Access on any node which contains the RocketMQ service pod, check the
hostPath you configured, for example:
$ ls /data/rocketmq/broker logs store $ cat /data/rocketmq/broker/logs/broker-1-replica-1/rocketmqlogs/broker.log ... 2019-09-12 13:12:24 INFO main - The broker[broker-1, 10.244.3.35:10911] boot success. serializeType=JSON and name server is 192.168.130.35:9876 ...
Access the NFS server node of your cluster and verify whether the RocketMQ data is stored in your NFS data volume path:
$ cd /data/k8s/ $ ls default-broker-storage-broker-0-master-0-pvc-7a74871b-c005-441a-bb15-8106566c9d19 default-broker-storage-broker-0-replica-1-0-pvc-521e7e9a-3795-487a-9f76-22da74db74dd default-namesrv-storage-name-service-0-pvc-c708cb49-aa52-4992-8cac-f46a48e2cc2e $ ls default-broker-storage-broker-0-master-0-pvc-7a74871b-c005-441a-bb15-8106566c9d19/logs/rocketmqlogs/ broker_default.log broker.log commercial.log filter.log lock.log protection.log remoting.log stats.log storeerror.log store.log transaction.log watermark.log $ cat default-broker-storage-broker-0-master-0-pvc-7a74871b-c005-441a-bb15-8106566c9d19/logs/rocketmqlogs/broker.log ... 2019-09-10 14:12:22 INFO main - The broker[broker-1-master-0, 10.244.2.117:10911] boot success. serializeType=JSON and name server is 192.168.130.33:9876 ...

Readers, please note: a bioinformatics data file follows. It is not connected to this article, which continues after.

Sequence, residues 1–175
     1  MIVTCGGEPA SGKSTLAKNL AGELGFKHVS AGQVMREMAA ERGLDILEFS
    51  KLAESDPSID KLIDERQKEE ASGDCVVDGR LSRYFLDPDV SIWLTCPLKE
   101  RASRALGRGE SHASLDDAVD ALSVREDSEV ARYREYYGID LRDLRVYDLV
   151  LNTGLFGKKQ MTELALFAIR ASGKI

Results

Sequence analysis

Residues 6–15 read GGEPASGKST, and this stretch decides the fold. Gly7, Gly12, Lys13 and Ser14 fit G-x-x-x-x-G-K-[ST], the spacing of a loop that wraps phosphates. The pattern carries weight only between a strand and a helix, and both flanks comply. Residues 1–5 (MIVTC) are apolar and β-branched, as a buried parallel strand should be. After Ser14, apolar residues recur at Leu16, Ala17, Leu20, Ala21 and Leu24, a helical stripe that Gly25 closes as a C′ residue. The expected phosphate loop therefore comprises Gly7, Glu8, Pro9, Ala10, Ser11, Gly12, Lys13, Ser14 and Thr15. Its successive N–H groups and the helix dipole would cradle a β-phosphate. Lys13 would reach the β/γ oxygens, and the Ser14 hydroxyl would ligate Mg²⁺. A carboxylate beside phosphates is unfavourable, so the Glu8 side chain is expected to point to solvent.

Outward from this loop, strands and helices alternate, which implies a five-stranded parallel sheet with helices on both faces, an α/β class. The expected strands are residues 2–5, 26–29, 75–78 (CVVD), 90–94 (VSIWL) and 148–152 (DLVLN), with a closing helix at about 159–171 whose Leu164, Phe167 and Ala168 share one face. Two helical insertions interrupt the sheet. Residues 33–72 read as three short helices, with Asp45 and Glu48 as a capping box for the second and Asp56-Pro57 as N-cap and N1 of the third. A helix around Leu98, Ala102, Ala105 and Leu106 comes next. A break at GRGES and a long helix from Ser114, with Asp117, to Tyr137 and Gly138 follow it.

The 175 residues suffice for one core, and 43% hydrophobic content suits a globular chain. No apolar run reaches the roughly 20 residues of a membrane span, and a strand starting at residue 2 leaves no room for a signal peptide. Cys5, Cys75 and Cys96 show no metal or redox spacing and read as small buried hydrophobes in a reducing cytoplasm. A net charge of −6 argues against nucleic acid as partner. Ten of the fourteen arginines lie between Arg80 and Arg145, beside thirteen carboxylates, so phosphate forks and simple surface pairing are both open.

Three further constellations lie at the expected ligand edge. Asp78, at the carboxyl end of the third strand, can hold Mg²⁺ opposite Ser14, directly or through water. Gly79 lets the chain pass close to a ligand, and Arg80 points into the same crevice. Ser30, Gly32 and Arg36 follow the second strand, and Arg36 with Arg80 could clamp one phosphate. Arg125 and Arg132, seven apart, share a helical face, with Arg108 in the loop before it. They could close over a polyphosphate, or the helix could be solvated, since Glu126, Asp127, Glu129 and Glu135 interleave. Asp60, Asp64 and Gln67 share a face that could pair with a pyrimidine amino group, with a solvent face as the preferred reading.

If the current name service cluster scale does not fit your requirements, you can simply use RocketMQ-Operator to up-scale or down-scale your name service cluster.
If you want to enlarge your name service cluster. Modify your name service CR file
rocketmq_v1alpha1_nameservice_cr.yaml, increase the field
size to the number you want, for example, from
size: 1 to
Notice: if your broker image version is 4.5.0 or earlier, you need to make sure that
allowRestart: trueis set in the broker CR file to enable rolling restart policy. If
allowRestart: false, configure it to
allowRestart: trueand run
kubectl apply -f example/rocketmq_v1alpha1_broker_cr.yamlto apply the new config.
After configuring the
size fields, simply run
kubectl apply -f example/rocketmq_v1alpha1_nameservice_cr.yaml
Then a new name service pod will be deployed and meanwhile the operator will inform all the brokers to update their name service list parameters, so they can register to the new name service.
Notice: under the policy
allowRestart: true, the broker will gradually be updated so the update process is also not perceptible to the producer and consumer clients.
It is often the case that with the development of your business, the old broker cluster scale no longer meets your needs. You can simply use RocketMQ-Operator to up-scale your broker cluster: